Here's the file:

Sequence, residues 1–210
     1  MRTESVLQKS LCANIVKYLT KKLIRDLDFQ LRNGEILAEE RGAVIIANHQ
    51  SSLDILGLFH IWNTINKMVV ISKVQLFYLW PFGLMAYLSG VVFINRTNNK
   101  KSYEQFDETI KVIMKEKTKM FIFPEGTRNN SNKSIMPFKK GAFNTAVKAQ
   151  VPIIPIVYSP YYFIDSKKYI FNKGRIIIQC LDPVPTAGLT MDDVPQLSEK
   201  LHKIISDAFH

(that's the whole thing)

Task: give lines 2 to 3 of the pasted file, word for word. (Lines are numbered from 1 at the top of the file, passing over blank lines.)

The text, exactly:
     1  MRTESVLQKS LCANIVKYLT KKLIRDLDFQ LRNGEILAEE RGAVIIANHQ
    51  SSLDILGLFH IWNTINKMVV ISKVQLFYLW PFGLMAYLSG VVFINRTNNK